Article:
CHINA TODAY: Smog, Japanese Tensions, And Bo Xilai Gets Lucky

The New Year holiday ended on a polluted note as smog enveloped China during the Lantern Festival (China Daily):

The authority issued a yellow smog alert at 10 am. Yellow is the second lowest level in China’s four-tier colour-coded weather alert system.

Thick fog, lowering visibility to less than 1,000 meters, shrouded central and northern parts of Jiangsu and areas in Zhejiang early Sunday morning. Smog choked southern Beijing, and parts of Shanxi, Henan, Jiangsu and Zhejiang provinces, according to NMC monitoring data.

Beijing acted to reduce fireworks as air worsened (Bloomberg) and while this year’s pyrotechnics were noticeably inferior to previous years’, Beijing air on Sunday was horrible, as you can see in this picture of the Central Business district I took at 1:30 PM.

But when the air is clear Beijing can be stunning. Here is a picture I took Friday afternoon on a visit to the Lama Temple. That beautiful Beijing blue sky is not the result of any filters on my phone.

China Daily thinks Japanese Prime Minister Abe’s visit with President Obama was not a complete success. The paper today writes that Abe fails to get full US backing over islands:

Japanese Prime Minister Shinzo Abe fell short of achieving his key goal, getting Washington’s unequivocal support for Tokyo’s stance over the Diaoyu Islands, as he concluded his visit to the US capital on Sunday…

But Obama did not mention the islands in his brief remarks after his meeting with Abe.

Abe sees a strong alliance with the US, which he said had been damaged by the previous Japanese government, as a key part of keeping China and the DPRK in check, Japanese newspaper Yomiuri Shimbun said on Sunday.

But a Japanese government source said the US decided not to touch upon the issue during the summit to avoid irritating China unnecessarily, it reported.

Kenneth Lieberthal, a senior fellow in foreign policy and global economy and development at the Brookings Institution, said despite the US-Japan alliance, it’s up to China and Japan to work it out themselves.

Any readers know if the US or Japanese governments would agree with this analysis?

The New Year holiday may have been good for Bo Xilai, as John Garnaut of Fairfax Media writes in support for Bo grows before China’s ‘trial of the century’:

The purge of Bo Xilai is in danger of losing momentum as the maverick political star remains defiant and associates question the fairness of keeping him in jail while other tainted leaders remain free.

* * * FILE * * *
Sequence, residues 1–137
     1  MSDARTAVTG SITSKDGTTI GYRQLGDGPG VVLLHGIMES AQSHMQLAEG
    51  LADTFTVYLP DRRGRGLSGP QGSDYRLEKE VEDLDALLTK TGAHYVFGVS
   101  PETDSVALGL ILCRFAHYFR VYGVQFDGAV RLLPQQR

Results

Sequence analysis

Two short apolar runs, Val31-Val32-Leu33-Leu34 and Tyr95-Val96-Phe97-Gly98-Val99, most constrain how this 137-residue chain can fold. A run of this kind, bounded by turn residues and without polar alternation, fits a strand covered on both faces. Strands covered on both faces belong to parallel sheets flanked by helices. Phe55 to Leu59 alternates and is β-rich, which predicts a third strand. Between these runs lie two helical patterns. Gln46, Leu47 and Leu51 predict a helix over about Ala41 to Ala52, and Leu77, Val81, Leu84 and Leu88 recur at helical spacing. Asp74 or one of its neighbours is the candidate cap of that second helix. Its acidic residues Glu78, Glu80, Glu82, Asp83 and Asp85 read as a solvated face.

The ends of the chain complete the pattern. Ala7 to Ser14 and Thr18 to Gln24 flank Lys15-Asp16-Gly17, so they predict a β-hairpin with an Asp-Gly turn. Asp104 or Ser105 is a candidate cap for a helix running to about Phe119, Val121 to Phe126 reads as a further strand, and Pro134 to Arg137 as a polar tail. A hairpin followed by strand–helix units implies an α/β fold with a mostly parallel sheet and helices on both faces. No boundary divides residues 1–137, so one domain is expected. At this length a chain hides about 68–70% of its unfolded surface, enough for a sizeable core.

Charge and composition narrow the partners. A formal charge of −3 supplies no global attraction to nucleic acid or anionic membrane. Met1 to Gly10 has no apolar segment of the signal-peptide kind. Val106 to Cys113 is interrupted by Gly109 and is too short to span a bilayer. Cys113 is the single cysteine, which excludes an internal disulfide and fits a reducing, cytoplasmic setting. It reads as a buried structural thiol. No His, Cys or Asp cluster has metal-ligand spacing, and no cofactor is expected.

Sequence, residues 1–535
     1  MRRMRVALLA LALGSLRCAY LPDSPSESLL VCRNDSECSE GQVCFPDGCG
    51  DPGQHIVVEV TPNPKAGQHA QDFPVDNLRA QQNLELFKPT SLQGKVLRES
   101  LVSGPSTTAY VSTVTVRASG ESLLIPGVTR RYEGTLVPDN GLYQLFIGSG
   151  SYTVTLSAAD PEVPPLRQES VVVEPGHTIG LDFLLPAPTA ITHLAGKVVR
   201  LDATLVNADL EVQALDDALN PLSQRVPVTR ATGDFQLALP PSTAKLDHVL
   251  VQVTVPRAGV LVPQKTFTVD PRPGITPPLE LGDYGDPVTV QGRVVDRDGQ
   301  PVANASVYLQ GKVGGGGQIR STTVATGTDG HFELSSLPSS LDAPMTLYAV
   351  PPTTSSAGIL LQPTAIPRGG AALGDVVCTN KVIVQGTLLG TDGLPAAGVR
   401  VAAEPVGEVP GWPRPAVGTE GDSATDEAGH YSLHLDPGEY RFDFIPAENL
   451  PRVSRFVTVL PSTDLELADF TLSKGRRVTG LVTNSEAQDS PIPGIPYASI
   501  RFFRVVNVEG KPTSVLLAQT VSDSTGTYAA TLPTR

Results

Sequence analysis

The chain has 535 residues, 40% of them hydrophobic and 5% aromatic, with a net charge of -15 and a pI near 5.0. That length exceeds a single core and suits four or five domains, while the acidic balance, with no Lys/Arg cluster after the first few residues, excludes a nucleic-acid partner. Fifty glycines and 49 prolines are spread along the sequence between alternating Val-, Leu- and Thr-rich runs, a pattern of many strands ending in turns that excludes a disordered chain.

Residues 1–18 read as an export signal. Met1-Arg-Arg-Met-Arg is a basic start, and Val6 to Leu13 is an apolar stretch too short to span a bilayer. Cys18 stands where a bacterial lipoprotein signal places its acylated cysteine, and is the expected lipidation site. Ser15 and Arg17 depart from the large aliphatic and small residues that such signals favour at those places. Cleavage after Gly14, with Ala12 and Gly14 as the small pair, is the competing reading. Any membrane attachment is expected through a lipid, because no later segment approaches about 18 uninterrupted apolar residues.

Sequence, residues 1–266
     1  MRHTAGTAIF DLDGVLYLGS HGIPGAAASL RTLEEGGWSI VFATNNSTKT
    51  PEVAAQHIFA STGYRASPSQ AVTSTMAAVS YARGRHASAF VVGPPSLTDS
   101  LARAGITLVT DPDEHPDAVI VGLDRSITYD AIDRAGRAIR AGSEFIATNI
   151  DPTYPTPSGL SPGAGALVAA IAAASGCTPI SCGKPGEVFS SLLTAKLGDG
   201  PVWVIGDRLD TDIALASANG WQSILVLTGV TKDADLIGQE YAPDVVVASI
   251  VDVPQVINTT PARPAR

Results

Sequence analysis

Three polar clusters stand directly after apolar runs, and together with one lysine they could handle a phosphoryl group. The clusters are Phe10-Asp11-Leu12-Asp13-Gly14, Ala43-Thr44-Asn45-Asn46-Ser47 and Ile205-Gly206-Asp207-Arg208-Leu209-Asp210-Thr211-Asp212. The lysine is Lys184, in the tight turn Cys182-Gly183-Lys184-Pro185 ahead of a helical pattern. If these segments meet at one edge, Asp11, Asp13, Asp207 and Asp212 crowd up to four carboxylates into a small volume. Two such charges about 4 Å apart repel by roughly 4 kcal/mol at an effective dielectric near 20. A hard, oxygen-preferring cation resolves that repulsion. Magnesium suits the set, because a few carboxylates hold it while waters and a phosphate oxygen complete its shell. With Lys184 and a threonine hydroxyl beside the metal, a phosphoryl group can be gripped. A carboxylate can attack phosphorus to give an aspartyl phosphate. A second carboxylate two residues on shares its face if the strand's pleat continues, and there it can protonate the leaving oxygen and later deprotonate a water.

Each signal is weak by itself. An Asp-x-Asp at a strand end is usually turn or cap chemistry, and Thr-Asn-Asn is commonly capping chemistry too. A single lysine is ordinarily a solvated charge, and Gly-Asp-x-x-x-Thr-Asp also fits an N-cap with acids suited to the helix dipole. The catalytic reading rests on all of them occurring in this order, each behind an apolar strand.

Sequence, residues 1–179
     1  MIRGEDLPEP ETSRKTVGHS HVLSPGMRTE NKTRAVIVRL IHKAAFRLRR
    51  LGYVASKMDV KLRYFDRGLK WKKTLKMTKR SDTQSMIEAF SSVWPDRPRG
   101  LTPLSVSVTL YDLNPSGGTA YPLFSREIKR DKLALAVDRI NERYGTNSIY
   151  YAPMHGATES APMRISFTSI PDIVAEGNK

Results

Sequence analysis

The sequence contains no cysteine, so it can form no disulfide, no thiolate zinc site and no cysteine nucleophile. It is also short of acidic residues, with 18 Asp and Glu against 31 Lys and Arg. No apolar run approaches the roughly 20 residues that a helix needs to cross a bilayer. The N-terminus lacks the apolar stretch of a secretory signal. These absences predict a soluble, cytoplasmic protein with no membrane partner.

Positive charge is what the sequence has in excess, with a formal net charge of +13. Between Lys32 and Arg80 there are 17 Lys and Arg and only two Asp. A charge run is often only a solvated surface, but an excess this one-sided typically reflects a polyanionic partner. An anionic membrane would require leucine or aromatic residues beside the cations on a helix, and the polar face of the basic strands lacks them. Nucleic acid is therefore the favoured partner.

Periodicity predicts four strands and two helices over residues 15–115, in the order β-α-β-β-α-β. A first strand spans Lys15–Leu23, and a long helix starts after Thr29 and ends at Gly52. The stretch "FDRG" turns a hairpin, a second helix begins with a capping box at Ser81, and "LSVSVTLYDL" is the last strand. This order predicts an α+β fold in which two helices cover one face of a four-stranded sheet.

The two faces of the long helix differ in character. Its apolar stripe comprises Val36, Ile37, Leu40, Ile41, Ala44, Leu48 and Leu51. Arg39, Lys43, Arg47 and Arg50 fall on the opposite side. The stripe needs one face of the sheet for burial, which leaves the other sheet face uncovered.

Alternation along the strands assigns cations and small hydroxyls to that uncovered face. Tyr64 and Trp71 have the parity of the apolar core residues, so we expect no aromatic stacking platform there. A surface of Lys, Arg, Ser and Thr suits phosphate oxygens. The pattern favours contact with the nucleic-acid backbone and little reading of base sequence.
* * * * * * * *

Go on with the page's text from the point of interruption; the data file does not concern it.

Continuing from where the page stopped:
Support for the charismatic and polarising leader has grown over the Spring Festival break as powerful princelings visit one another’s families and gather to share opinions and information, several princelings and close observers have told Fairfax Media.

One lifelong associate of Mr Bo said the handling of the case was a challenge for the Communist Party rather than Mr Bo, whose political execution was not in doubt…

Difficulties in staging what promises to be China’s ”trial of the century” have been compounded by a Reuters report on Thursday night that Mr Bo has grown a chest-length beard and gone on a hunger strike, requiring him to be taken to hospital.

Sources with connections to the Bo family questioned the veracity of the report but confirmed he had been unwell and broadly uncooperative.

A milquetoast approach to the Bo Xilai prosecution would be a very bad sign for those who believe Xi Jinping has the will and the political capital to at least rollback some of the more egregious corruption and push through difficult economic reforms.

Today’s Links:


Chinese general Luo Yuan’s battle on Weibo | Offbeat China – Just as netizens on Weibo were about to conclude that Luo was finally edged by netizens to insanity, Sina Military channel stood up in Luo’s defence and announced that Luo’s Weibo account has been hacked, and that all the self-praising remarks were not from Luo himself. Not only did netizens not believe the clarification, they even further made fun of Luo: “In my opinion, if general Luo cannot even protect his own Weibo account, it’s simply bullshit that he is capable of protecting our country.” Judging from the development so far, Luo’s hope to win over public favour has been crashed completely. Weibo continues to show Chinese officials that the war of public opinions isn’t one that’s easy to fight. Luo is not the first nor the last to be defeated in the battlefield of China’s social media.